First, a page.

LaVerkin man sentenced for manslaughter

ST. GEORGE – A LaVerkin man was sentenced to serve two years in jail for manslaughter and obstruction of justice in 5th District Court in St. George Thursday. The charges stem from an October 2013 incident in which a man ultimately died from injuries sustained during an alleged drunken brawl.

John Stettler Stucki, 55, pleaded guilty to second-degree felony manslaughter in December relating to the death of 64-year-old Donald Loomer. Stucki had originally been charged with first-degree murder, but the charge was reduced as part of a plea deal.

Judge John J. Walton noted that the presentencing investigation conducted by Adult Probation and Parole recommended prison time for Stucki, which could result in Stucki serving 15 years in the state prison system.

“But that’s not what we’re here to talk about,” Walton said, and looked toward Deputy Washington County Attorney Zachary Weiland.

The state asked for one year in the Washington County Purgatory Correction Facility for each charge Stucki faced, to be served concurrently. This would give Stucki two years in prison. With credit given for time already served, Stucki will be paroled in October of this year.

Weiland said Loomer’s family didn’t want Stucki to be incarcerated. However, the state believes “it is in the interest of justice,” as Weiland previously stated in court, that Stucki serve time in jail

The charges against Stucki stem from an incident on Oct. 9, 2013, in which police were called to a property in LaVerkin where Stucki was working as a caretaker at the time. When police arrived at the scene, they found an unconscious man lying in the driveway, later identified as Loomer, who appeared to have been in a fight. Loomer was ultimately flown by Life Flight to University Medical Center in Las Vegas, where he died following his arrival.

Police officers encountered an intoxicated Stucki at the incident scene, and Stucki originally told police he had never seen Loomer before. Bruised and bloodied himself, Stucki said he had been attacked by gang members out of Iron County. It is from this exchange that the obstruction of justice felony charge originated.

Prior to the incident, Stucki had been allowing the homeless Loomer to stay on the property in a tent. Loomer evidently was not following rules Stucki had asked him to observe while staying there, and an altercation took place.

According to court records, Stucki grabbed a stick and hit Loomer in the back of the head with it.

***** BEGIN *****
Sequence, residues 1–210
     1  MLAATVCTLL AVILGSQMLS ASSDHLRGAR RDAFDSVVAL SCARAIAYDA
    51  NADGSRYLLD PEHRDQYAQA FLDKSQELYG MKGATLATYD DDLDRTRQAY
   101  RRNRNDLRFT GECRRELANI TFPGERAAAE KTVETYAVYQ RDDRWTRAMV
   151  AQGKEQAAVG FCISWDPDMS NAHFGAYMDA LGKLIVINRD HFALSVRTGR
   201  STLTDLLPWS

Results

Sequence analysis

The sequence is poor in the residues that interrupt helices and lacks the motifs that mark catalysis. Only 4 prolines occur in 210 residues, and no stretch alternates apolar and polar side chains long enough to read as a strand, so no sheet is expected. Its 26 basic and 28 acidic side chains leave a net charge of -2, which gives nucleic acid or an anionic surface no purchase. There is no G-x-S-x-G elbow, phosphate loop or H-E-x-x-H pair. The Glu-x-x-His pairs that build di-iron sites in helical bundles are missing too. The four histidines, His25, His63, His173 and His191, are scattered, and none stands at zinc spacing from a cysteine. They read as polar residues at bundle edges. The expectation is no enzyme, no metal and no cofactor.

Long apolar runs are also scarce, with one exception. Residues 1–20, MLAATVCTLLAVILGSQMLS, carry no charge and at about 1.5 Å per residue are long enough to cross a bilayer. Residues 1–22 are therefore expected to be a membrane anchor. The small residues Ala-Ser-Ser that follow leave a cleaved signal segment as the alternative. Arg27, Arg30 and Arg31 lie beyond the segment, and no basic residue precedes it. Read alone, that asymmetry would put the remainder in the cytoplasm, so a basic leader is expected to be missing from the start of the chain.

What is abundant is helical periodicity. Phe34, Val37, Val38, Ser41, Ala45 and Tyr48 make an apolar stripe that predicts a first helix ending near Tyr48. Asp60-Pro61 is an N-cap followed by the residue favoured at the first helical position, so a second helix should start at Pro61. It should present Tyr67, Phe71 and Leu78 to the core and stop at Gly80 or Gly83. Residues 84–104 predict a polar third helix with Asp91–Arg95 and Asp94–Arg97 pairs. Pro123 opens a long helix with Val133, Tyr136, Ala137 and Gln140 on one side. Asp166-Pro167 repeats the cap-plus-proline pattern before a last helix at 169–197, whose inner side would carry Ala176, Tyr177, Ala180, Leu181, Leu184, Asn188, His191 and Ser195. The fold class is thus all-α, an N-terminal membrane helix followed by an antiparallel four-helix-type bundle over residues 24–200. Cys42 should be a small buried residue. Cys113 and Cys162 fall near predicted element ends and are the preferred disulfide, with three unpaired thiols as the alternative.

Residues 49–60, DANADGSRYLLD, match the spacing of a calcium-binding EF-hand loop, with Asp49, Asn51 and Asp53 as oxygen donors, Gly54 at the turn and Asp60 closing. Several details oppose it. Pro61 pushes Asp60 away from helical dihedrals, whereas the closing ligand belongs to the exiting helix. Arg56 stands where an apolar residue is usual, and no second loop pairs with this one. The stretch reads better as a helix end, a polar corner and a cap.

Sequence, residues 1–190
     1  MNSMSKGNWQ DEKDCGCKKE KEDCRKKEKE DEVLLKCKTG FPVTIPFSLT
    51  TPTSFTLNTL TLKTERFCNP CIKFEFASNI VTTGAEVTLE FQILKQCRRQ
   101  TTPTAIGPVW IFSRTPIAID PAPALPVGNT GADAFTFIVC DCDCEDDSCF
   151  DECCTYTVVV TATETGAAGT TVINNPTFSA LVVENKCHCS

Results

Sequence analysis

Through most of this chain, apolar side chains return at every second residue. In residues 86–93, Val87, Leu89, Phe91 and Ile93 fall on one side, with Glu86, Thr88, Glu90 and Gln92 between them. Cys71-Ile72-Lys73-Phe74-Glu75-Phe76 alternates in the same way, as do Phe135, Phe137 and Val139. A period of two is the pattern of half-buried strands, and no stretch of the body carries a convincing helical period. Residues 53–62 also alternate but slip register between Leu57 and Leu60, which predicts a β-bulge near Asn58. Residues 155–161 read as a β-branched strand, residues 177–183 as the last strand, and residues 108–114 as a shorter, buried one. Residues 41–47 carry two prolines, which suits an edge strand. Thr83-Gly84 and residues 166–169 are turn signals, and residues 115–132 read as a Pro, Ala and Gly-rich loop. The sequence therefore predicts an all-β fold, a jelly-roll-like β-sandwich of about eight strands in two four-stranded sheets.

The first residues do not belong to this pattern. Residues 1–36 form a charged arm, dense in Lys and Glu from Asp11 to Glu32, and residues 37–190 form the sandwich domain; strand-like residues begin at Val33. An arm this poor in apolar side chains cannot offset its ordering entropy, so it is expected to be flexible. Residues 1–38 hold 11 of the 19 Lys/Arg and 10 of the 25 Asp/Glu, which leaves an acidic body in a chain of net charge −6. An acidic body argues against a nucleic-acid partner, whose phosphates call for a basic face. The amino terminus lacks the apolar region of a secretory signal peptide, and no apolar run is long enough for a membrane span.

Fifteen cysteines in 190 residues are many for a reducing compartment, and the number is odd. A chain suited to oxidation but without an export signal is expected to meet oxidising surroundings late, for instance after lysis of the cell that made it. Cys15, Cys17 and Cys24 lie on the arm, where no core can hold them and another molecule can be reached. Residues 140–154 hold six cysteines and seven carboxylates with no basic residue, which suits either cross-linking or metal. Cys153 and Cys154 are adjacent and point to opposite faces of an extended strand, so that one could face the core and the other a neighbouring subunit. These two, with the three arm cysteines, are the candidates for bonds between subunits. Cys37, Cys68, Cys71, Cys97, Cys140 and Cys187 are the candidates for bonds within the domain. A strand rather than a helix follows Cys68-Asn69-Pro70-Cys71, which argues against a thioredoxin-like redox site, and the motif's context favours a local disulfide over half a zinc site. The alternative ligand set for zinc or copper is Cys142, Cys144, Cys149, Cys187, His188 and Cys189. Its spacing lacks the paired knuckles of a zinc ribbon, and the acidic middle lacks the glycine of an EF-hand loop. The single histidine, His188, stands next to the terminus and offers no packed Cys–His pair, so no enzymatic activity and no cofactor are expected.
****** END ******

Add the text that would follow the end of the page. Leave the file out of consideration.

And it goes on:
Both men were allegedly drunk at the time of the fight.

Edward Flint, Stucki’s lawyer, said Loomer originally had the stick, possibly a walking stick, and hit Stucki with it, leaving a scar with marks that matched notches on the stick. In an act of self-defense, Flint said, his client grabbed the stick and hit Loomer with it.

After hitting Loomer, Stucki wandered off and drank until he passed out. After waking up some time later, he found the unconscious Loomer and called the police.

Flint said there was a great case for self-defense, but due to the possibility Stucki could have been convicted by a jury if they went forward with a trial, Stucki opted for the plea deal. A 15-year prison sentence at Stucki’s age might as well be a life sentence, Flint said.

Stucki has a long list of prior offenses dating back to 1982, Weiland said, all of which are misdemeanors – many related to intoxication or theft – with a single felony charge in 2004 for substance abuse.

In addition to the two years in jail, Stucki will be put on 36 months supervised probation following his release from jail, write an apology letter to the victim’s family, and get a substance abuse evaluation and any recommended treatment. He was also ordered to pay $23,096 to Life Flight, but that will not be a condition of his probation, as Flint told the court his client’s financial situation would make it difficult for him to meet that obligation.

Stucki is also not to possess or consume alcohol or be any place where alcohol is sold or served during his probation.

“The biggest thing he has to overcome is alcohol,” Flint said, adding Stucki has been attending Alcoholics Anonymous meetings as much as possible in the county jail and has committed to continuing with the program once he is released.

“If anything, two years in jail is two years sobriety, and I think that he has a good start,” Flint said. “Ultimately, I think Mr. Stucki’s problems are related to alcoholism. I believe he is committed to make an amends to society.”

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